Monday, August 13, 2012

MY FIRST MURDER CASE

In 1973, a parole violator named Julian Kennedy sat in a Central Florida jail cell awaiting his return to prison. Kennedy had managed to get himself hooked on drugs during his brief stint of freedom, and he very much wanted a fix. He sent for the chief detective of the sheriff’s office and made a proposition. “If I tell you about some murders, will you get me some drugs?” Both Kennedy and the detective agree that happened, but they diverged in their accounts of what happened next. Kennedy said the detective fixed him up with drugs. The detective testified that he told Kennedy “I can’t promise you anything.” He went on to say that Kennedy replied, “Well, it’s worth a shot,” and then began confessing to murder after murder. When Kennedy finished his story, he had confessed to 14 murders.
Upon his first release from prison, Kennedy immediately jumped parole and began to wander about Georgia and Florida. He supported himself by committing burglaries and robberies and the occasional murder. He would kidnap women driving alone, he said, rape them and kill them, and then dispose of their bodies in desolate wooded areas. Kennedy may or may not have killed 14 women, but it is certain that he killed at least one. A South Georgia lady went to the cemetery to leave flowers on a recently deceased relative’s grave, and Kennedy saw her. He snatched her, put her back in her own car, and drove to Lake City, where he raped and killed her. Disposing of her body in a wooded area, he made his way south to an eventual capture in Central Florida on a parole violation warrant.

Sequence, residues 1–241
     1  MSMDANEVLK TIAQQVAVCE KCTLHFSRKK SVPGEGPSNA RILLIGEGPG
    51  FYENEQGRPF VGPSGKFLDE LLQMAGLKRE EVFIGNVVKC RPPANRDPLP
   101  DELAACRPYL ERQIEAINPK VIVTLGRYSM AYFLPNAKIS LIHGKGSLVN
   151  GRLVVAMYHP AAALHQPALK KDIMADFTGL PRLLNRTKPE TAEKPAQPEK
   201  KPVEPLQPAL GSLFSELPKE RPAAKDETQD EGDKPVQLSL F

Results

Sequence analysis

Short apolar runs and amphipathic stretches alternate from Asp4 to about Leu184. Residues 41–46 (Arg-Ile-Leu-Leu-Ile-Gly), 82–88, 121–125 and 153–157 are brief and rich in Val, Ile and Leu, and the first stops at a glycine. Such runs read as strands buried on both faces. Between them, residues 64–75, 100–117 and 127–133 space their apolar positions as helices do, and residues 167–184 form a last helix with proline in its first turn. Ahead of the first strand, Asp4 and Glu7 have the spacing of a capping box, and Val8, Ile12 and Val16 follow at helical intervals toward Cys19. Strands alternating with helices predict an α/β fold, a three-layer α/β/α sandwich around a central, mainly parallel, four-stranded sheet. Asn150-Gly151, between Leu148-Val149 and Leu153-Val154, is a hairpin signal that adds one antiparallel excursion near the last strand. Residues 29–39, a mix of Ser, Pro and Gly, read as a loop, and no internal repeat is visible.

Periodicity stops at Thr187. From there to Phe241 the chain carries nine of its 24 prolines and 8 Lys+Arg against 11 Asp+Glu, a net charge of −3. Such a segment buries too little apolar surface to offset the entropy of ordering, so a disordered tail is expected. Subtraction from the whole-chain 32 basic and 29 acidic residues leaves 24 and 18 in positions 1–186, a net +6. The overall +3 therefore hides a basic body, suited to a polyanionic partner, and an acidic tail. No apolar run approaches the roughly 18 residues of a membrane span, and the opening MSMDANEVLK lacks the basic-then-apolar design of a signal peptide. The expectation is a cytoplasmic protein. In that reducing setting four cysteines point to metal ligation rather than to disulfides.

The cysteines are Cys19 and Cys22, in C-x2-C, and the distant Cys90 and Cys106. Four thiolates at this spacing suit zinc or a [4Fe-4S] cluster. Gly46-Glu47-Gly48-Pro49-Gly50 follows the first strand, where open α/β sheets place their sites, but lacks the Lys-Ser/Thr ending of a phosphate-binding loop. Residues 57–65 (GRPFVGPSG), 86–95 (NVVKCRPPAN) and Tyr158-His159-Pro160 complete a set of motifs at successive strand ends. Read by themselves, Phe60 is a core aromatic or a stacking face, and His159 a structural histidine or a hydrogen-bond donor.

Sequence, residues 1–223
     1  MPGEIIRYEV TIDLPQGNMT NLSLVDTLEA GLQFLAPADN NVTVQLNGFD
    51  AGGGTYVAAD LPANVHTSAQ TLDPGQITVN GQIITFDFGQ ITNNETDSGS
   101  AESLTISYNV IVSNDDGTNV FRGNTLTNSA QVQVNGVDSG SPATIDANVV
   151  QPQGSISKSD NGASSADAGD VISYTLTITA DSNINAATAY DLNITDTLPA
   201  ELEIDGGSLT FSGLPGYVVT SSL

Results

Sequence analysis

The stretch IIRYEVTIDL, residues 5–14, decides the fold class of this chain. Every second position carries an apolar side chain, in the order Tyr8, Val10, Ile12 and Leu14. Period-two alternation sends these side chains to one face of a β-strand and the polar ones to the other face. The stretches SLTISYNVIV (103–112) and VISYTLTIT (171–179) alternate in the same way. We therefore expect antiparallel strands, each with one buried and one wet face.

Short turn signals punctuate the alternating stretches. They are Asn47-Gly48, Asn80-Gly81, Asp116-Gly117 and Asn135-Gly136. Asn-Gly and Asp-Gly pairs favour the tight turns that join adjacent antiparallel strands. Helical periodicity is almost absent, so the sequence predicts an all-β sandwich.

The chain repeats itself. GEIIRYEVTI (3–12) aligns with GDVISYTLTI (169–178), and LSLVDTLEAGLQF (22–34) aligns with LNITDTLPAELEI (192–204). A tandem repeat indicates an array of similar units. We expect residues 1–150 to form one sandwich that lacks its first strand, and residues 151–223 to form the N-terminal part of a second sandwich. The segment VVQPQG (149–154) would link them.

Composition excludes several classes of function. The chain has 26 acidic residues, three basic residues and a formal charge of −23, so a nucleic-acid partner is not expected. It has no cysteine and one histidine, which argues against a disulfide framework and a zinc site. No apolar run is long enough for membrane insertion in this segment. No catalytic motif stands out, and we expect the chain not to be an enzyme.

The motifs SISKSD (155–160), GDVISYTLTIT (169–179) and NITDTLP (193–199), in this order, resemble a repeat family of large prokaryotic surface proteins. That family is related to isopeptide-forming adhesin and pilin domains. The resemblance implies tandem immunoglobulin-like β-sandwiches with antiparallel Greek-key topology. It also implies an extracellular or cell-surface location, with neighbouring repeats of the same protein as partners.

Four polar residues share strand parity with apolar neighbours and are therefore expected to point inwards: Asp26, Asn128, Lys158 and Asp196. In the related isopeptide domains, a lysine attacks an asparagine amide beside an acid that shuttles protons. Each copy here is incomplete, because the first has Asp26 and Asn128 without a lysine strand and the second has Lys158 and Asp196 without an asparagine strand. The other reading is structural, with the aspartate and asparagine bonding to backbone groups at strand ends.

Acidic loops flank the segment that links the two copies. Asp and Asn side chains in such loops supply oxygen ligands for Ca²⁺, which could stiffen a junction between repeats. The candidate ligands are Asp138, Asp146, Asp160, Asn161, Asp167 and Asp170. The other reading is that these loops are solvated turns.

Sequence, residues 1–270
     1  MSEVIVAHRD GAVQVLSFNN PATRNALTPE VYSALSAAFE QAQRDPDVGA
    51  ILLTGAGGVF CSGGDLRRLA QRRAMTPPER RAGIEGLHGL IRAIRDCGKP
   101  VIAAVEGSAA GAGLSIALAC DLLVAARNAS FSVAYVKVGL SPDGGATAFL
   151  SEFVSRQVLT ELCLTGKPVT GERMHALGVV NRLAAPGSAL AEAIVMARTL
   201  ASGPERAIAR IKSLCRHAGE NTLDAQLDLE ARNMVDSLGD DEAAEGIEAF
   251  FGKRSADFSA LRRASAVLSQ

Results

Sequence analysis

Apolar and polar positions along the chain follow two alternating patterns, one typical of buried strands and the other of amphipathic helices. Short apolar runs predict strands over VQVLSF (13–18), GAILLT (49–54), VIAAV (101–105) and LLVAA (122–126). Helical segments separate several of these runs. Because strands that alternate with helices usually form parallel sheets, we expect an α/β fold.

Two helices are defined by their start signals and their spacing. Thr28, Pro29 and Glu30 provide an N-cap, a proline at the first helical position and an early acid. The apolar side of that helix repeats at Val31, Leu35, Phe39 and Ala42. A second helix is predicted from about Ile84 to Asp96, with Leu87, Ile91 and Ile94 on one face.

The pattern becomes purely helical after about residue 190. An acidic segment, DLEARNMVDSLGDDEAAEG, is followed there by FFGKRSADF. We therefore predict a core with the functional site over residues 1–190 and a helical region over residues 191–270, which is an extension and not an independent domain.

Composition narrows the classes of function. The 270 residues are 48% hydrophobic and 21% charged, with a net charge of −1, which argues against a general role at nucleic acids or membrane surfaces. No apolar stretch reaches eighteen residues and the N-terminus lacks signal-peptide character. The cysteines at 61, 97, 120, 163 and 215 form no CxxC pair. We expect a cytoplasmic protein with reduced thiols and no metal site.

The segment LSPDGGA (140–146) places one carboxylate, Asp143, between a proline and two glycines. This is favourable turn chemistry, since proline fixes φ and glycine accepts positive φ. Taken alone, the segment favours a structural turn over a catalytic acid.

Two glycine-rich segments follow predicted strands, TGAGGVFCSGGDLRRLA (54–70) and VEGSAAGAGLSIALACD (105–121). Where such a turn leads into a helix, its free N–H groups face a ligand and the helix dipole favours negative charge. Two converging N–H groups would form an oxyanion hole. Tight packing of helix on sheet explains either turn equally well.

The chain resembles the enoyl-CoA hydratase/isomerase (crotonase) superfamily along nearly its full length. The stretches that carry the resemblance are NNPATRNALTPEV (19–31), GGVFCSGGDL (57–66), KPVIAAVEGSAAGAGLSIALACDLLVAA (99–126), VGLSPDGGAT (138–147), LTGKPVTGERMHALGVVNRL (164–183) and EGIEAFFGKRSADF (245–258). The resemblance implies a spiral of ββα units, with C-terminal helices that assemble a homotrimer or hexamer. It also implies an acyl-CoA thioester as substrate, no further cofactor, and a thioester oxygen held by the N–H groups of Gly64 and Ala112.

The detective began contacting local law enforcement in the various places where Kennedy said he had committed murder, and that led him to Columbia County and Sheriff Harry Spradley. They brought Kennedy to Lake City and he led them straight to the body of his victim. It had been several months since the killing, and the searchers found her skeleton, her clothing, and little else. Try as he might, Kennedy could not seem to find the bodies of the other 13 women he claimed to have killed.
Milo Thomas, the Public Defender for Lake City, warned Kennedy to quit talking to the police, and he warned the police to quit talking to his client. Neither Kennedy nor the police heeded Milo’s advice. The local investigator, Charlie Hollis, kept taking Kennedy out of the jail and escorting him around North Florida looking for the bodies of Kennedy’s other victims. At least Hollis was looking for dead bodies. I believe Kennedy was looking for an opportunity to escape. Milo finally filed a motion and got a court order to prevent further interviews with his client, and Hollis’s expeditions with Kennedy ceased.
Milo filed two more motions—a motion for a mental examination to see if Kennedy was crazy and a motion for change of venue to escape the pervasive publicity being heaped on the case by the local newspaper. It was Milo’s motion for a mental examination that proved the catalyst for me getting assigned to my first murder case. Before I get into that, though, I should probably explain why I, whose lifelong ambition was to be a prosecutor, was working as an Assistant Public Defender.
When I graduated from law school, I faced grim prospects for finding a job in my small hometown, but I resolved that I wasn’t going to go anywhere else. If nothing else, I could simply hang out my shingle and try to make my way as a rookie general practitioner. I had no prospects of a job at the State Attorney’s Office; Randal Slaughter, the State Attorney, had a policy of hiring only experienced part time assistants. I found temporary work as a law clerk for a local law firm. They paid me minimum wage, the same amount of money I once earned digging ditches for a construction company. My wife Lane, an RN, was making the fabulous salary of $13,500.00 per year working at the local VA hospital, so we weren’t going hungry. The law partners talked to me about making me a full associate, but talking was all they were doing. When I heard that Milo Thomas was looking to hire some full time Assistant Public Defenders, I jumped at the chance.